Time is the only resource you have that money can’t buy. This is why you need to protect it at all costs. If you’re honest with yourself, you’re not being productive with your time.

Watching useful Youtube videos or spending time with friends isn’t time wasted. The problem is doing only these.

If you’re already financially well off, then this isn’t a problem. But, if you’re looking to save more money you have to be productive with your time. How?

Like money, you have to track it. Use time tracking apps to get a clear idea of how you’re spending your time. Aim to spend some of your time managing your money better and searching for different ways to grow.

17. Be a Voracious Reader

One of the reasons you’re not saving enough money is because you don’t know the potential each dollar has.

For example, if you’d invested $1,000 in the stock market, it would double within 10 years. Many don’t know this and would rather put their money in a regular savings account.

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You don’t need to be a financial expert, but you need to understand money fundamentals. The best way to do this is by reading. Go to Amazon or your favorite book store and buy any book related to money. Here’re some recommendations for you: 19 Best Finance Books That The Richest People Read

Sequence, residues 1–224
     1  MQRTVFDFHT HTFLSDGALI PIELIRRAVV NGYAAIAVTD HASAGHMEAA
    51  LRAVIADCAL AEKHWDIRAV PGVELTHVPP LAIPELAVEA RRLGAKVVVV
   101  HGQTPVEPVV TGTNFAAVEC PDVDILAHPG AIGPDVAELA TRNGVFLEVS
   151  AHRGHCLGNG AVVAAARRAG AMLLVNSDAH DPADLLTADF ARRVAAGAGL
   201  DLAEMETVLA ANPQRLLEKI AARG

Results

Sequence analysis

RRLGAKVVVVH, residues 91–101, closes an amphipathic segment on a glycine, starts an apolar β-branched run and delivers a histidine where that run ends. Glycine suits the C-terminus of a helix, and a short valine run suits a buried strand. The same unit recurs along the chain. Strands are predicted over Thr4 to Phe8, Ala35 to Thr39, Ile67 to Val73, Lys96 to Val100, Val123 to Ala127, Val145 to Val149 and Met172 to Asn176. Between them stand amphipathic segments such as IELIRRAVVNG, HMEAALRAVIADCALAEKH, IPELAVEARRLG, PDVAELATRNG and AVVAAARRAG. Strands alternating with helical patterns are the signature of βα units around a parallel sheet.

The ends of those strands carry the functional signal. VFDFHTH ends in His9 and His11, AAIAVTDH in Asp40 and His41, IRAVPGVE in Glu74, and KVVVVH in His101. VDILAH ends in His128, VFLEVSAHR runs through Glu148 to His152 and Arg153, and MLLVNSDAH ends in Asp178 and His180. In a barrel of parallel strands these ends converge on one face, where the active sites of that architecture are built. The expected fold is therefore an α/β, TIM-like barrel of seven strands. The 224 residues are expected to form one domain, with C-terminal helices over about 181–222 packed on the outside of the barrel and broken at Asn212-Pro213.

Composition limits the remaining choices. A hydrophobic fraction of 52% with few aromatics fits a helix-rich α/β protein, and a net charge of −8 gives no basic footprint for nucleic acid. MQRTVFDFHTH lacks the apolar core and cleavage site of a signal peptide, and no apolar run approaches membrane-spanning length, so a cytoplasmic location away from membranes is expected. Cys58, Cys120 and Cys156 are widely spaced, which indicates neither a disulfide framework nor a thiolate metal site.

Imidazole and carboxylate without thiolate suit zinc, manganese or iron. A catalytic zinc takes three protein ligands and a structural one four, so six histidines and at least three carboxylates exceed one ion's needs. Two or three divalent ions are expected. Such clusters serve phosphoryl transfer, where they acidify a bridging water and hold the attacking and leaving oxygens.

Read and apply action on anything new you learn. Eventually, you’ll know more ways to put your money to work and choose to save more.

18. Get Educated on the Go

You can learn more from subject matter experts on podcasts. Find some of the top podcasts in business, money and other important areas.

Listen to them to and from your commute to work. Listen while you’re working out at the gym.

Little by little you’ll learn new things. And one day, you too will be a subject matter expert.

19. Choose to Invest in Yourself

You are your best investment. Why?

The more you know, the more you can apply. But, you can’t grow alone. Coaches are great to have because they can view your blind spots.

Yes, they cost money but can save you time in avoiding problems most people make. During your early stages as an entrepreneur or in your career, you may not be able to afford to hire a coach and this is okay. Read and listen to podcasts to grow. Or you can practice these 3 Valuable Ways to Invest in Yourself.

Eventually, your income will grow and you can use this money to invest in coaches.

20. Improve Your Money Skills to Grow Your Income